Kaseya is a free toolkit that allows you to provide remote assistance to another system via Internet connection. It’s free to use, and there’s a wealth of information and support available at no cost as well.
Kaseya is the kind of program that speaks for itself in how it works as well as what it can do. The interface, mostly online, is pretty simple and easy to figure out, even if you haven’t had much experience with this sort of thing before.
The first thing you will need to do is sign up for an account, which takes about a minute or two. Once you’ve signed into the site the first time, you’ll be able to explore the different areas that are on offer.
There’s the main page that lists the computers connected to your network, which you can provide support to, as well as an area for Training on how to use Kaseya. There’s a support page for the program itself, a handy guide to the different Features of Kaseya, as well as a robust wiki and forum section to delve even deeper into the possibilities of the Kaseya system.
Programs like this are nothing special these days, in that you can find at least a dozen possible solutions per search engine used to find them, but Kaseya did strike me as elegantly set up for novices in the area of remote assistance. It would provide a nice doorway into some of the deeper aspects of IT support as well. When first logging in, you’re not really directed much but it’s simple to find the Training section and get started. The first thing you want to do is to add computers to your network, however, and that process was fairly easy to initiate. There’s a giant Add Computers button staring you in the face as soon as you log in, so I couldn’t help but press it.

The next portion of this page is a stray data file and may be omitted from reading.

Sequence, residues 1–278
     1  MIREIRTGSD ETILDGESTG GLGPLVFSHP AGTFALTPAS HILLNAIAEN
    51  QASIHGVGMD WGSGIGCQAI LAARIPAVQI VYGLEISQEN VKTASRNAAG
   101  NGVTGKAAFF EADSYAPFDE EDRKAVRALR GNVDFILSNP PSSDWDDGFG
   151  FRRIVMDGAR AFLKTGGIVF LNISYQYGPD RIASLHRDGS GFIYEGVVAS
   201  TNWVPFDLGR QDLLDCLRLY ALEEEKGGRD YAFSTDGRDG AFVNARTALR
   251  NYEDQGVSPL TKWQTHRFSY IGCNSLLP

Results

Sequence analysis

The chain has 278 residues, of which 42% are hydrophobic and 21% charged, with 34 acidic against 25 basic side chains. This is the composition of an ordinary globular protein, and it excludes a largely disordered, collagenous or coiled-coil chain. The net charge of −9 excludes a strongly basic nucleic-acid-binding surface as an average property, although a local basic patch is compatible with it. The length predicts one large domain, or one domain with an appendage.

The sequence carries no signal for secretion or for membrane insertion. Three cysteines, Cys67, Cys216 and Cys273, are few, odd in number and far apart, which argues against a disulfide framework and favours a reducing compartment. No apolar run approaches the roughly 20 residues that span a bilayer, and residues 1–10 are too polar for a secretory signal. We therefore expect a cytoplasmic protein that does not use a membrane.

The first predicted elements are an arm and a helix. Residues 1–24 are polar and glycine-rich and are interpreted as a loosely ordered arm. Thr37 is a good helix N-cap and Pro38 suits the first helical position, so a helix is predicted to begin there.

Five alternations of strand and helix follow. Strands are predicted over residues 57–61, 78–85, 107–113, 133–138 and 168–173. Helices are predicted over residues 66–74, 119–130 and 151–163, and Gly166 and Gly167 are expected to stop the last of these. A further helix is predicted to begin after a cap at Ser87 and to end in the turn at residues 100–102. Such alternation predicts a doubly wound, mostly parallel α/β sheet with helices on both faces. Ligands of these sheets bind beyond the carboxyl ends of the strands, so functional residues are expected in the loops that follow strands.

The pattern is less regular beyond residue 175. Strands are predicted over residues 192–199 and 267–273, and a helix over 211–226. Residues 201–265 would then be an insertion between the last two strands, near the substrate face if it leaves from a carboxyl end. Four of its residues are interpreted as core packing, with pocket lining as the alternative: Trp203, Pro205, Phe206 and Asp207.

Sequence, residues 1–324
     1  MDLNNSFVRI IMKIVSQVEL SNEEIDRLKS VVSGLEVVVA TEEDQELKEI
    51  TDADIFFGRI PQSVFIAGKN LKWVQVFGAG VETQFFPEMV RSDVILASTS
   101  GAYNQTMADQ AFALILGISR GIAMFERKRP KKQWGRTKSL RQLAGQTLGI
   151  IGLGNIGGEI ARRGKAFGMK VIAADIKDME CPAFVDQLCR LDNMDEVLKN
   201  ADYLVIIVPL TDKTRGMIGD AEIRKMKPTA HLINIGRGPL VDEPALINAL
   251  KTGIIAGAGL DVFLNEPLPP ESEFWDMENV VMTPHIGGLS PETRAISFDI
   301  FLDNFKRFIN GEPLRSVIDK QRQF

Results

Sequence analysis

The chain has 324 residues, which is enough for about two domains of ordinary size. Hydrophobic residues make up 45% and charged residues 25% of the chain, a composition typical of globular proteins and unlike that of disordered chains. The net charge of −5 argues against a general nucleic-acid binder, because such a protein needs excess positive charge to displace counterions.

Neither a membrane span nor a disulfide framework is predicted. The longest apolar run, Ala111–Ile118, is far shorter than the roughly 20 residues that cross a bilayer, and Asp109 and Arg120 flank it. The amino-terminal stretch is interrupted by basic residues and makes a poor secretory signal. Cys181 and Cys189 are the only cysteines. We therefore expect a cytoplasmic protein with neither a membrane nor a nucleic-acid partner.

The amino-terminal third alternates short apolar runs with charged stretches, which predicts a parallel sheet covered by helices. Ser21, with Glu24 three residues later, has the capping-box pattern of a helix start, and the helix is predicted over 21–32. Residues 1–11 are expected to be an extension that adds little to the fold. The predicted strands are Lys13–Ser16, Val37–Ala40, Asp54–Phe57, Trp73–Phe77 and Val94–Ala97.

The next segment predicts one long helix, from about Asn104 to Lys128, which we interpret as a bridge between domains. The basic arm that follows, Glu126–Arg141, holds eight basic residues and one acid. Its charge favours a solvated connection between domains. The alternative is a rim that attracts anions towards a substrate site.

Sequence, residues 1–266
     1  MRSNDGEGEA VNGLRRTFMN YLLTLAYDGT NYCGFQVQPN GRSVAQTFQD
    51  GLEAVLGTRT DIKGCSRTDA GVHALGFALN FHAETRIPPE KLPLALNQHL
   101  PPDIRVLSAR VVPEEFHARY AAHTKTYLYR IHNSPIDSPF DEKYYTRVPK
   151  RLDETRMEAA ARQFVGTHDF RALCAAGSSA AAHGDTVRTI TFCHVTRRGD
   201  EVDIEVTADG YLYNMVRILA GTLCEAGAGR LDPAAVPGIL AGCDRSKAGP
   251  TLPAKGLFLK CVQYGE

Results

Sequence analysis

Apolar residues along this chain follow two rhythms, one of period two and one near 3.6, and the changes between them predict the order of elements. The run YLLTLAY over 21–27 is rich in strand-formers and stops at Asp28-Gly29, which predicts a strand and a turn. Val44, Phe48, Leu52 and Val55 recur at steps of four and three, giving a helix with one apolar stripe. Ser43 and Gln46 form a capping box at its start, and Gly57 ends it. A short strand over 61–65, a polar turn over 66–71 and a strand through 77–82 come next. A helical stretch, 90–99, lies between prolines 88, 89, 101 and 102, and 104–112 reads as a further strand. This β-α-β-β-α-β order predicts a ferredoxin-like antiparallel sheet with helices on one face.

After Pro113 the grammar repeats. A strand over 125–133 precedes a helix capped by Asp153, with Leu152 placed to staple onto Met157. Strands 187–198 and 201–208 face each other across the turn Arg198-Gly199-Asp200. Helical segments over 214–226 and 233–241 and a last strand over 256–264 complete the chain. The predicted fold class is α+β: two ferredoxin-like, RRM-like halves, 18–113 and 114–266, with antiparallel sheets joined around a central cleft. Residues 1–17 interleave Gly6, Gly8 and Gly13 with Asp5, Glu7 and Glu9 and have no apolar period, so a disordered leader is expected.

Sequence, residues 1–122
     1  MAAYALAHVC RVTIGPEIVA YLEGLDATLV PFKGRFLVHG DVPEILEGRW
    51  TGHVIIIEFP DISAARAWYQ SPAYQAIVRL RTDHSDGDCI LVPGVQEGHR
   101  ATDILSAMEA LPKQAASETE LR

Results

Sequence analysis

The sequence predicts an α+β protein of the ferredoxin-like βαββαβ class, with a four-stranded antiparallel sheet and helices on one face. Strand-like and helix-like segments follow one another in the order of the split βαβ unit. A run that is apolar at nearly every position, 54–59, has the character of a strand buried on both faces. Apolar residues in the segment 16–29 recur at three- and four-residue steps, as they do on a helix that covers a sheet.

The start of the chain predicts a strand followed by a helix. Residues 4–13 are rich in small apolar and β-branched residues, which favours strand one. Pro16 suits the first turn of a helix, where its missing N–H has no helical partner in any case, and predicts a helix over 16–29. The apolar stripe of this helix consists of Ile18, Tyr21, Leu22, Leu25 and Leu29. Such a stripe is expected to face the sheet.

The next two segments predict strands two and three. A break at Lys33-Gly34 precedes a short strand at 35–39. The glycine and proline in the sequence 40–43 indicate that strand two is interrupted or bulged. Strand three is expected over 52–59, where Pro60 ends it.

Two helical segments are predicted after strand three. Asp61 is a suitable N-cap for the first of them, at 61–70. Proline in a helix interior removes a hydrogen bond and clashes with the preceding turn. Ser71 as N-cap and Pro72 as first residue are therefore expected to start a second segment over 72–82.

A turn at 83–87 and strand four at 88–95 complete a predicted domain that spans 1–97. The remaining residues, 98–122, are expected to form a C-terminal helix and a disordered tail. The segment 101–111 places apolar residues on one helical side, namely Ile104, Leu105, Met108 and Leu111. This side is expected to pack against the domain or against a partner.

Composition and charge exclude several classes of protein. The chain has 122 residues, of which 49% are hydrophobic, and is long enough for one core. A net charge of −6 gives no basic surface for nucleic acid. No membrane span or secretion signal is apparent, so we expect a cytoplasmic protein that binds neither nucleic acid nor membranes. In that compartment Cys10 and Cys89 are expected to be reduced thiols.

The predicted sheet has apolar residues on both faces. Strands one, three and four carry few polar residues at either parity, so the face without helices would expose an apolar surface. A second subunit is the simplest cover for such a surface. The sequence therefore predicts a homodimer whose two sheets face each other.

It’s a compulsion. You’ll be given options to install locally, on the computer you’re using to view the site, as well as sending IM instructions or email invitations to join the network. This helps to cut down on the amount of leg work one tech has to do and many people I know in the IT industry would be glad of that.
Each computer you want to install on the system and provide support to will have to install a small bit of software that will allow the interface between systems. I started by adding my laptop to the network. The antivirus software I use immediately pointed the suspicious finger at the Kaseya module, which tells me that my antivirus software is working and that the Kaseya module will probably allow a decent amount of control over a remote system. After adding the systems you want to be able to provide remote access to, you can divide them into different groups and add other users that can access the Kaseya system. All of this is done through simple interfaces that offer decent descriptions for the most part. The program is obviously intended for as wide an audience as possible. While many people will find it easy to use and understand, I couldn’t help feeling it was a bit limited for a large scale corporate IT structure or anything of that magnitude. Smaller organizations may find it ideal, however.
While I didn’t have the chance to test a large network on Kaseya, I was able to check out its features through a smaller number of computers and it worked without a hitch. While I am sure that there is more to the experience, on the surface Kaseya seems to be a viable solution for remote assistance if you’re looking for one. It’s notable that there is also a professional kit of tools and services you can get to go along with Kaseya for a price but if you’re confident in your abilities and don’t need to have any support, Kaseya might provide the answer you need. Until next time, my friends.
Check out Kaseya here.